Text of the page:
What Do Ducks Eat?

What to Feed Wild Ducks: Safe Treats & Foods to Avoid

ducks feedings

The Spruce / Letícia Almeida 

If you ask most birders when they had their first personal interaction with a wild bird, many would likely say it was when they fed the wild ducks at a local park or pond as a child. Many conservationists and city officials debate whether feeding wild birds is a good idea or not. Despite this difference of opinion, if you feel the inclination to pass along some treats to ducks or geese, it helps to know what foods are healthy choices.

Debate About Feeding Wild Birds

The issue of whether it is all right to feed ducks, geese, swans, and other waterfowl is a topic of controversy among bird enthusiasts, conservationists, and park officials. There are many myths about feeding wild birds: Some believe that feeding the birds will stop their migration. Whether they are hand-fed or not, some waterfowl species are already non-migrating birds that live in city parks and similar bird habitats.

Some people believe the misconception that waterfowl do not have their natural foods at hand in the parks and urban ponds. In reality, they are capable of fending for themselves, finding their food in the wild, and do not require human handouts to survive, no matter the season or how much they beg for treats. Ducks are fairly omnivorous creatures, and they are able to survive nicely on various pondweeds and other aquatic plants, and also insects, mollusks, fish eggs, and even small fish and amphibians such as frogs. Even in the winter, ducks are usually able to survive on grass seeds and acorns, though it's at this time that they may appreciate it if you offer some healthy supplemental foods.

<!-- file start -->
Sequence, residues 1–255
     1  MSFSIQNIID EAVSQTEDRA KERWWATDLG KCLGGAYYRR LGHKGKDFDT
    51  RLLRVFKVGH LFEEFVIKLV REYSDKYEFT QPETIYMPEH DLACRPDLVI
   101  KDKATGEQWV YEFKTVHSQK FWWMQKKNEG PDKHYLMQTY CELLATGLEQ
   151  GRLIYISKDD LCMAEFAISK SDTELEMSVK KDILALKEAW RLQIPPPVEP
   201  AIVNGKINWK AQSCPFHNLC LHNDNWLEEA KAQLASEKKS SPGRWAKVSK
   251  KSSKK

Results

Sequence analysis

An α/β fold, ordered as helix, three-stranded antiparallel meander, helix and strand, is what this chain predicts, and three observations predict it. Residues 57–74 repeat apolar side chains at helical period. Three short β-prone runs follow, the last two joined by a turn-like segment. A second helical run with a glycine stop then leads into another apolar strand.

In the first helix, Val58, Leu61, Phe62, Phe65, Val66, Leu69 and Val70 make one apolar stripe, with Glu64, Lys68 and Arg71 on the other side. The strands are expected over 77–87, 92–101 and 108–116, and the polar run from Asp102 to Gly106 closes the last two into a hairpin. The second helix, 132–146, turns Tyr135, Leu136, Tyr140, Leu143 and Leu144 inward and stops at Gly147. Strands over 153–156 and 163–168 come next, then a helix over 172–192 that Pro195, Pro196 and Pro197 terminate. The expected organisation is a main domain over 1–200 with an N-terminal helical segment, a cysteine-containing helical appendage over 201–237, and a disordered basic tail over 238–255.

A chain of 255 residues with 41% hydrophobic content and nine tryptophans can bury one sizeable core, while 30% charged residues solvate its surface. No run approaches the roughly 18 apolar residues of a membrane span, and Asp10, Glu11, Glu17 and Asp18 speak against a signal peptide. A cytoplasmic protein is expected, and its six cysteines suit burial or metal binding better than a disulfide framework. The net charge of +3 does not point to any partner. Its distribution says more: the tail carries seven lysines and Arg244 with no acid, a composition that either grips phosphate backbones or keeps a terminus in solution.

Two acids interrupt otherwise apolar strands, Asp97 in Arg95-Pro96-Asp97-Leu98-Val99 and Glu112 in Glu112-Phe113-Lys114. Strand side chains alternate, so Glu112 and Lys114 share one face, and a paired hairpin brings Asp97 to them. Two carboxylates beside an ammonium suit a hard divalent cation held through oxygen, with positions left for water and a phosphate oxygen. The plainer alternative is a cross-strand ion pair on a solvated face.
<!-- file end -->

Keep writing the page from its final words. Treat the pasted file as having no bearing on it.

Avoid the urge to provide extra-tasty treats just because a female duck is hosting a group of cute ducklings. Those babies survive nicely on the same menu consumed by the mother duck, and it's important they learn how to forage for themselves, not rely on human handouts.

One thing the experts agree on is that too much feeding is unhealthy and can create excess waste and pollution that can destroy habitats and harm birds and other wildlife. Also, leftover, uneaten food can attract rodents, create unpleasant odors, and spread diseases. Some birds that are fed too often can become aggressive, and may become a nuisance if they overpopulate a small area.

Birders also agree if you must give ducks or any other wild birds a treat—and no posted notices or local ordinances discourage the practice—then nutritious treats are the best choice to offer.


Watch Now: What Do Ducks Eat?

What Not to Feed Ducks

The most common items people feed to ducks and waterfowl are often the least nutritious and most unhealthy. Bread, chips, crackers, donuts, cereal, popcorn, and similar bread-type products or junk food scraps are not the right foods for birds.

Feeding ducks bread is bad because the food has little nutritional value and can harm ducklings’ growth. The uneaten remnants often pollute waterways and attract vermin and other pests. Some people may feed ducks their leftover stale or moldy bread, which should never be fed to the birds: Several types of mold can be fatal to waterfowl.